Additionally, the Bill will also make mandatory registration/intimation of all categories of Indian nationals proceeding for overseas employment, as well as students pursuing higher studies abroad.
In the end of December 2018, the Central Government had come up with an instruction making registration mandatory for all those travelling abroad for work.
However, due to resistance from different migrant organisations, the mandatory registration was put on hold at that time.
Currently, it is mandatory only for those who migrate through eMigrate for jobs to foreign countries, to register with the Indian government.
Those who are Class 10 pass don’t have to register and use the eMigrate portal.
India yet to ratify relevant ILO conventions on recruitment
Hubertson Tomwillson, a migrant rights activist and lawyer, said that India has not taken a proactive step in the adoption of the Global Compact for Migration (GCM) and other international tools that will protect migrant workers’ rights.
“There are 23 objectives in the GCM. But we are doubtful as to how many of them India will take seriously. So, one can’t be sure that the new Emigration Bill will protect migrant workers’ rights,” Hubertson said.
“We should not forget that India has not passed at least a dozen of the global rights tools put forward by UN agencies. Without adopting them and ratifying them, it is difficult to say that the new Emigration Bill is going to ensure safe, orderly and regular migration,” Hubertson said.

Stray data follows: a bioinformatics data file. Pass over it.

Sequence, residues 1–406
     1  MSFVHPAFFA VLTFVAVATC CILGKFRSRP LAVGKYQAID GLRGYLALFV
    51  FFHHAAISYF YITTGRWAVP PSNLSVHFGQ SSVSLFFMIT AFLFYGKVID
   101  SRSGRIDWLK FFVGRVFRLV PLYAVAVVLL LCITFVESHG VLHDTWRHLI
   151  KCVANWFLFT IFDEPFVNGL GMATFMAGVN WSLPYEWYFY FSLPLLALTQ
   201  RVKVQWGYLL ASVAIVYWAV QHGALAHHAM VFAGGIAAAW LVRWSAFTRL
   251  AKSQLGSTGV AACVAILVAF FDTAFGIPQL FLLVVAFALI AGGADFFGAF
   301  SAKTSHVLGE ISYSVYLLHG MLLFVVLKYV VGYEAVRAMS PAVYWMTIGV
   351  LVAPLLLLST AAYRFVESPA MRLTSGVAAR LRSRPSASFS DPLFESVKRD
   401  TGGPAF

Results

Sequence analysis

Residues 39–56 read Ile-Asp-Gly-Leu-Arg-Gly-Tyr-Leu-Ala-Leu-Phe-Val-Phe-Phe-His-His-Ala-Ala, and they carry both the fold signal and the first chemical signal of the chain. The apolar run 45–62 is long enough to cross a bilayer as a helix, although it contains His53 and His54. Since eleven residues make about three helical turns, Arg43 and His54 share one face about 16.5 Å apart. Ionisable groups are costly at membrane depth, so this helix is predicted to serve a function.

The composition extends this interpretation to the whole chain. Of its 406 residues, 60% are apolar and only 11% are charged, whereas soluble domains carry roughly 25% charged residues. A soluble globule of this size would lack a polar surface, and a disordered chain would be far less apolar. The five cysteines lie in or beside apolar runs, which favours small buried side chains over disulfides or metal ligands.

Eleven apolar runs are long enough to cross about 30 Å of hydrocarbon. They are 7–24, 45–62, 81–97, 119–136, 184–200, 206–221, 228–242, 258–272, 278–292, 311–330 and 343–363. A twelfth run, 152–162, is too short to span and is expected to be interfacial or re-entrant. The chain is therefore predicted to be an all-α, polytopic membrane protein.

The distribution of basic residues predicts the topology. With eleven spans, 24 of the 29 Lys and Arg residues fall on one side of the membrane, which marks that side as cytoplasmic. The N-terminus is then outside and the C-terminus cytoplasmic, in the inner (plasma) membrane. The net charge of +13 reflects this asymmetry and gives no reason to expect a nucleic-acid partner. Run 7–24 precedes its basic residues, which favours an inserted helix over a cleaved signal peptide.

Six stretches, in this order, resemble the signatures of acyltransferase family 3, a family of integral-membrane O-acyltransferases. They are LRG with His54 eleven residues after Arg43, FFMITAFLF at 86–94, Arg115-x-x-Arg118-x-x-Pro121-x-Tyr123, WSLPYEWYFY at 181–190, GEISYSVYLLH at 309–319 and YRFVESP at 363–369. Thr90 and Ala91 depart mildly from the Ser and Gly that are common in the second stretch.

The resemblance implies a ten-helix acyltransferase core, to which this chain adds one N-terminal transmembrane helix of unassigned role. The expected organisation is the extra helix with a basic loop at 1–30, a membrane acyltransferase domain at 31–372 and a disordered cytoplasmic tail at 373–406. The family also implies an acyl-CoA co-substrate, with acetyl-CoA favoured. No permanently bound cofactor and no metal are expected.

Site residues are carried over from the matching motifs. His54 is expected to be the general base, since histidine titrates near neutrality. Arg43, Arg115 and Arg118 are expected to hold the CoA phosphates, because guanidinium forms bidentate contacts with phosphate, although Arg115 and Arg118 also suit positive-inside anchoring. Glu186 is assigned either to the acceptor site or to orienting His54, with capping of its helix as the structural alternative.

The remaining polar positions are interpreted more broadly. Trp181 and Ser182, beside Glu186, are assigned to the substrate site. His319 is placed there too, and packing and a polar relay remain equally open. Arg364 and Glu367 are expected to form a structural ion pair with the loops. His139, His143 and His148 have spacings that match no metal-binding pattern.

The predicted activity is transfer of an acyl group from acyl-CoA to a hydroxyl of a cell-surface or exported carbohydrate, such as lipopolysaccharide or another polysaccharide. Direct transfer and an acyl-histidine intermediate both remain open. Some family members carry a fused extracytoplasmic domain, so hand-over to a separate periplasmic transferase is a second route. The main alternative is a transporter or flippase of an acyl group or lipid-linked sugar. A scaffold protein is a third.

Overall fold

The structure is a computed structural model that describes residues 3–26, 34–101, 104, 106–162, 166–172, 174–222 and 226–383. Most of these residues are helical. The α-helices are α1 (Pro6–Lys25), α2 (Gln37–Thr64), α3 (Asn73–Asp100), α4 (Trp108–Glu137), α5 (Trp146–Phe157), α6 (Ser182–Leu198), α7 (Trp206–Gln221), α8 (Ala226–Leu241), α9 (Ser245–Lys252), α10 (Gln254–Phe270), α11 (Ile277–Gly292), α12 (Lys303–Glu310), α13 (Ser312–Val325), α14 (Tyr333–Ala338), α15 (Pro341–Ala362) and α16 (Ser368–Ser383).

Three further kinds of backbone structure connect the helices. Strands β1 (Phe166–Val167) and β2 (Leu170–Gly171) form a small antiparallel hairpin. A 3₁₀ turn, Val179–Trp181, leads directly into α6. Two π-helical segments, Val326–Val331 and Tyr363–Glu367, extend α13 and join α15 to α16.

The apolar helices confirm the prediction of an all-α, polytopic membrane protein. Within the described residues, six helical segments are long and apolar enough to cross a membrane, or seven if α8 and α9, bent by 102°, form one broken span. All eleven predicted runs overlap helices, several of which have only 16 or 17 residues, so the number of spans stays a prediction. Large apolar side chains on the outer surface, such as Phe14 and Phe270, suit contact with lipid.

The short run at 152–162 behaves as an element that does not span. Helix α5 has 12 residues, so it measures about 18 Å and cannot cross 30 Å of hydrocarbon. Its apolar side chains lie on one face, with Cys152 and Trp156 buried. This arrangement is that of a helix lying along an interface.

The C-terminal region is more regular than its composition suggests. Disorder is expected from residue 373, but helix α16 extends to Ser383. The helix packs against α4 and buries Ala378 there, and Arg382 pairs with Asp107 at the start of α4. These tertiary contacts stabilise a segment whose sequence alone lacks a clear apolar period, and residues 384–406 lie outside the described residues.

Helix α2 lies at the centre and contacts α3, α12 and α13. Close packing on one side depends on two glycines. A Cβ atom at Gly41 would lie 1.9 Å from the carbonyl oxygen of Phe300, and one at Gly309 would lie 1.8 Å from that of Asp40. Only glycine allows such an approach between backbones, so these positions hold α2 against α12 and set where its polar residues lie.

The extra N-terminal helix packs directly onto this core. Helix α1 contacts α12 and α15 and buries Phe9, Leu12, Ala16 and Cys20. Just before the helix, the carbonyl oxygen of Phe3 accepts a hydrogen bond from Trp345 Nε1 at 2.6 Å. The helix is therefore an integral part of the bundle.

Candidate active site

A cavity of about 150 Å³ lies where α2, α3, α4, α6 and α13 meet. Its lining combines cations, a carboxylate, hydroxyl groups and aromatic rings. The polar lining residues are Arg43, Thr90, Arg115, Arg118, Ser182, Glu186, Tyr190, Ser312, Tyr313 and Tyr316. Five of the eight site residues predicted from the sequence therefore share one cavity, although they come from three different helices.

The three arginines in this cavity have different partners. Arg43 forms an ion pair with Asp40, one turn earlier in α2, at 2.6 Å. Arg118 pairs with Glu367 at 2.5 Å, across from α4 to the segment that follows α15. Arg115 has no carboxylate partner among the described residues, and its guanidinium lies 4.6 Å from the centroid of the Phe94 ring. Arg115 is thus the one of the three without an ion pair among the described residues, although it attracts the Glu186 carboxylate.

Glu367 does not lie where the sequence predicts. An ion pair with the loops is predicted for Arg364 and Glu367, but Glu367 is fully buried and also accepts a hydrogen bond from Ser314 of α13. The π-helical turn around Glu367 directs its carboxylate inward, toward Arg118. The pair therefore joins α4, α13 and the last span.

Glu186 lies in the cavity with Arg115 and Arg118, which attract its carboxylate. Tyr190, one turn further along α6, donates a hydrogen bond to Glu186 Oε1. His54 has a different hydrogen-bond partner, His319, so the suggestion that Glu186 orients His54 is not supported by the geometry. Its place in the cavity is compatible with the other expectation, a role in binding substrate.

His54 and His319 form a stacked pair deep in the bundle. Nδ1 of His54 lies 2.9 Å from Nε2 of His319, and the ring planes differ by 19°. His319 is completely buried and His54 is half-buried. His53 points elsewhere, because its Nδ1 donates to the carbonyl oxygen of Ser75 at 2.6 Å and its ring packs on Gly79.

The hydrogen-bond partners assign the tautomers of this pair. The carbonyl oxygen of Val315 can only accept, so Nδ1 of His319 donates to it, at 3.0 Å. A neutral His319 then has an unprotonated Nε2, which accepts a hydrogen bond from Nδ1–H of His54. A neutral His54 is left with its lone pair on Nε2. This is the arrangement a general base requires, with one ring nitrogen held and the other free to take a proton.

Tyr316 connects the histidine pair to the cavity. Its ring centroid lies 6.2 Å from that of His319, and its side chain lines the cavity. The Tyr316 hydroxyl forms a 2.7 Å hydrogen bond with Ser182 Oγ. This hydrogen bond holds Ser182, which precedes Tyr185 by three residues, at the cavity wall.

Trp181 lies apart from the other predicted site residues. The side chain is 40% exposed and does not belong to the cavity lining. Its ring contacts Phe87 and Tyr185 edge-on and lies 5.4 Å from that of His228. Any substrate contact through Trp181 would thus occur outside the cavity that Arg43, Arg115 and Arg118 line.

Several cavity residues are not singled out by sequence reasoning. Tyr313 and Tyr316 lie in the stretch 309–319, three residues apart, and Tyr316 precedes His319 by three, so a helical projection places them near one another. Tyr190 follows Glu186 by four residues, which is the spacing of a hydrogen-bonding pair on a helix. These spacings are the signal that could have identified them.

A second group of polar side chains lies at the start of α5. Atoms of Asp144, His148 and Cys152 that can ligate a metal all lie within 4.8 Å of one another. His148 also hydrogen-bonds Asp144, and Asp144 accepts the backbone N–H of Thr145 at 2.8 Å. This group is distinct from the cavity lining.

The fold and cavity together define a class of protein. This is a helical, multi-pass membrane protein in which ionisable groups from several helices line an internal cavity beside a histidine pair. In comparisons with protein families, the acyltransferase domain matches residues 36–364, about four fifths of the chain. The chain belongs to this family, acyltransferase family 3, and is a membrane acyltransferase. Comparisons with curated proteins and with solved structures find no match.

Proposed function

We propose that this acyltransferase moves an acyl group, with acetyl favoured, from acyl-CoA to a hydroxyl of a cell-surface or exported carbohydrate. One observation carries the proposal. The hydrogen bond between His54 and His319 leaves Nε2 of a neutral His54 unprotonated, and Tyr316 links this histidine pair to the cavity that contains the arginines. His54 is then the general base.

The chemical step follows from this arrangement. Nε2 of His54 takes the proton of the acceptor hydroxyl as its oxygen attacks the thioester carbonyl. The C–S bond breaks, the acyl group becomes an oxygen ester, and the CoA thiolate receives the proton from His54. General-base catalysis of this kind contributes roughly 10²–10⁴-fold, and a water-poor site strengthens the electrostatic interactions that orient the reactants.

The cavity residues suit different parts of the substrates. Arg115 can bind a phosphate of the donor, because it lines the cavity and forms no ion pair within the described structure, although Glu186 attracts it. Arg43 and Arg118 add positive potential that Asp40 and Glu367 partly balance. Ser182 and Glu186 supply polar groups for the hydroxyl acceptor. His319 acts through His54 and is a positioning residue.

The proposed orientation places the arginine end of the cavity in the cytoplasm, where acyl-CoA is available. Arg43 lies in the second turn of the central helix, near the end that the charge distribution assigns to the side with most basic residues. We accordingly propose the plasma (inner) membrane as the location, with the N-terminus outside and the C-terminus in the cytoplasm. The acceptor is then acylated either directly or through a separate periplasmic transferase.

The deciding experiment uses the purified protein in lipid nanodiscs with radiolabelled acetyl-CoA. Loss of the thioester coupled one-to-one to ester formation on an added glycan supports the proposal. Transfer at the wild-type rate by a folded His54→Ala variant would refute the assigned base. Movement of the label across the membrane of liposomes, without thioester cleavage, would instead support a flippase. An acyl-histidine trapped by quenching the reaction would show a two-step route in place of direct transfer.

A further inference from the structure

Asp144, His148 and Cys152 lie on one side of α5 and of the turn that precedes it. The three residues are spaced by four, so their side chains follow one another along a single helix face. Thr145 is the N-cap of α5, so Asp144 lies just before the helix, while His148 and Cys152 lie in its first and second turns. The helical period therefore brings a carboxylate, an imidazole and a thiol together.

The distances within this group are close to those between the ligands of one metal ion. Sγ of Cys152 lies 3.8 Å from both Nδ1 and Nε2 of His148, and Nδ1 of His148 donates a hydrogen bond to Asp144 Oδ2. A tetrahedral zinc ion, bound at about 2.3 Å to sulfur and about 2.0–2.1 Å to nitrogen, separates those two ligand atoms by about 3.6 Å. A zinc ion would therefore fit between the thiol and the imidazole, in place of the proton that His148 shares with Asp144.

“More specifically, in the field of recruitment, there are a number of relevant ILO conventions: the Migration for Employment Convention (Revised) 1949 (No. 97), the Migrant Workers (Supplementary Provisions) Convention 1975 (No. 143), and the Private Employment Agencies Convention 1997 (No. 181). India has not ratified any of these conventions,” Hubertson added.
Meanwhile, M Bheem Reddy, President, EWF and Migrants Rights Activist, said that emigration in the last two and half decades to different countries has gone up considerably, and that this includes student migration.
“It is suggested that MPs and concerned Ministers be briefed on the Bill and its implications thereon,” he added.
There are 30 million Indian migrant workers, with over nine million in the GCC region (Gulf Cooperation Council) alone. Over 90% of the Indian migrant workers who work in the Arab Gulf are semi-skilled and unskilled workers.
While the exact numbers of Indian workers migrating is not known, several studies point to the presence of larger outﬂows of labour migration and the presence of large numbers of undocumented migrants in the GCC region. Indian government data shows that 5,20,938 workers migrated for work legally after completing Emigration Clearance Required procedures in 2016, compared to the 7,84,152 workers who left in 2015.
The number for 2017 was 3,91,024 (emigration clearance obtained via recruitment agents, project employers and direct recruitment).
However, as per the 2016-17 annual report of the Ministry of External Affairs, this drop is explained by the decline in crude oil prices and the resulting economic slowdown in the GCC countries.
Photo credit: Imre Solt/Flickr